Open letter to St Vincent’s Mental Health (SVMH) Acute Inpatient Service (AIS)
Trigger Warning: Suicide – Sexual Assault
Dear St Vincent’s Mental Health Acute Inpatient Service (AIS)
I write this letter to thank you for saving my life
I write this letter as a public letter, as I only hope it serves more than its intended purpose of thanking a team of superheroes.
I remember this time last year, scrolling through my social media and seeing advertisements’ advising us to take care of our mental health during the covid-19 pandemic and during the experience of a lock-down. I only hope someone struggling stumbles across this letter and realises there is help, there is light at the end of the tunnel and you are not weak for crumbling amongst the pressures and the fears of the unknown.
It has been 208 days since I was discharged from the AIS. I have thought for months on end how I could possibly thank the team of superheroes, who work around the clock attending to the needs of vulnerable members of our community. This letter is to the Doctors, Nurses, Psychiatrists, Social Workers, Aboriginal Liaison Officers, Security Staff and Cleaners.
In April 2020, Victoria was a month into lock-down, I was at the time 26 years old and a kinship carer to my 10-year-old nephew. I worked in the family violence sector and held many roles within the Victorian Aboriginal Community. Most importantly at this time, I was a sister and an aunty, to my sister who (during lockdown) was forced to flee family violence in the middle of the night with her four young children. Over-night our house went from myself and one child – to a house of three adults and five children.
The days were long and as lock-down continued, they only felt longer. Support services felt minimal, we were not thriving during this incredibly challenging time in our lives and unbeknownst to me, burn-out was lingering and when it finally hit, it hit hard.
In October 2020, Victoria was around 5 months into lock-down. For me at that time I attempted suicide. Prior recent traumas finally took a hold of me, I was burnt out, I felt alone, I felt unable to concentrate, I lost motivation in my work and other community commitments, I had simply had enough. I often try and reflect on what lead me to this moment, but there is no single event that drastically catapulted me into this terrifying mental break-down. I felt alone, and yet I wasn’t.
Days following surviving my suicide attempt, I wasn’t okay, although was incredibly lucky to have had a long-term Doctor from the Victorian Aboriginal Health Service, who had gone above and beyond during lock-down to keep engaged with me. Due to my trust in this Doctor, I trusted the plans to have me admitted to the Mental Health Ward. I don’t remember the trip from regional Victoria to Melbourne, I just remember arriving there at night, I was terrified, my mind was flooded with the stereotypes of a mental health ward, mixed with anger that I was alive to bear witness to this experience.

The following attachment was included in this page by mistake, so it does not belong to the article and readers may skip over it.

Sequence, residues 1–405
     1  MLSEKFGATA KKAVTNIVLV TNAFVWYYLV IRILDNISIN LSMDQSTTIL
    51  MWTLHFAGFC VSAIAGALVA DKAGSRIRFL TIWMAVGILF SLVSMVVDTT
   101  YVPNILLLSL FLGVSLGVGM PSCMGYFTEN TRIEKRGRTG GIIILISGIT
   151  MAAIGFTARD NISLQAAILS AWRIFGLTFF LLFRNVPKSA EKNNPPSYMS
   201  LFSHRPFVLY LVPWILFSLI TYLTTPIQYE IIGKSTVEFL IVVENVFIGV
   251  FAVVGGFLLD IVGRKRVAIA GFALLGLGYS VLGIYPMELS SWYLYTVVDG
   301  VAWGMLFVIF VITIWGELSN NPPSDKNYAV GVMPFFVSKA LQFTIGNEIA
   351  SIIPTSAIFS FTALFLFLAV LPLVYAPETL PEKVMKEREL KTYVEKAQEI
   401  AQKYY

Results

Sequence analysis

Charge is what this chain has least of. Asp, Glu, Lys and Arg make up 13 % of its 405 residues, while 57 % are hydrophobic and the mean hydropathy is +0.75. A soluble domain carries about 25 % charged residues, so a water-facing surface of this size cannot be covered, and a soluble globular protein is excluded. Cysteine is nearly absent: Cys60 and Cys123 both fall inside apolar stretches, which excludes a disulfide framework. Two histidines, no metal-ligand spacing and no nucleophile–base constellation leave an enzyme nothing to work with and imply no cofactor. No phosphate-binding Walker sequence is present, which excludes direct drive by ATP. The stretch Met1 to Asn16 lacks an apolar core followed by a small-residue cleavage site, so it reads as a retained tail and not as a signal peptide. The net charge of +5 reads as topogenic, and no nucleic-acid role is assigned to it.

The sun rose on my first morning there, I didn’t sleep that night, I was so unhappy, so scared and felt incredibly defeated.
That night was the beginning of a healing journey that has quiet literally saved my life, and a healing journey that (on reflection) was so incredibly needed.
As I sit here with tears rolling down my face, I will now begin my long awaited thank you to the St Vincent’s Hospital Mental Health Staff.
Thank you for never judging me, you never once gave into my stubbornness, instead persisted and forced me to reflect on why you weren’t giving up on me as easily as I had hope.
Thank you for holding space for me as I screamed and cried with upset and anger towards anyone that was playing role in keeping me alive.
Thank you for patiently earning my trust over long awaited days, rather than pushing me to open up when I wasn’t feeling ready to do so.
Thank you for the meetings that you hold every week, where you sit at the table in the art room with patients and hear our concerns and our ideas for activities. I took weeks to attend one of these, and once I did, I felt empowered.
Thank you for your understanding and respect towards my culture as an Aboriginal Woman, I felt so safe and understood.
Thank you to the one particular nurse for understanding my need for the smell of a particular essential oil to ease my anxiety, thank you for noticing when the smell was slowly going away and coming in with the spray bottle so attentively.
Thank you to all the night nurses, who cared so deeply about the restless legs I was suffering from. You went above and beyond with heat packs, herbal teas, weighted blankets and making me a bed in the tv area.
Thank you for making sure everything felt as ‘normal’ as possible within the walls of the ward, despite being in the thick of a global pandemic and an intense and long lock-down.
And finally, thank you to my psychiatrist, Dr A*. You are the reason I let my guard down and finally allowed myself to let go and safely fall apart into the arms of yourself and your team.
Thank you for holding me as I cried, for becoming the person I could confide in and open up to about being a victim/survivor of sexual assault.
Thank you for always reminding me that the sun would rise, some nights I didn’t believe you, but I was always wrong. The sun did always rise. It rose for the 74 mornings that I woke up to the superheroes’ that installed in me a new fight to survive my mental break down, and survive I have.
I have survived. After 6 months on leave, I now work fearlessly in the job I had loved, I now have the ability to be the Aunty my nieces’ and nephews so desperately needed me to be, their happy, healthy Aunty Sissy.
It didn’t matter about the amount of PPE everyone was wearing, the trust was built through the kindness of your actions, the smiling of your eyes and the tone of your voice.
There is no shame in seeking help if you are struggling – there are superheros waiting for you, I promise.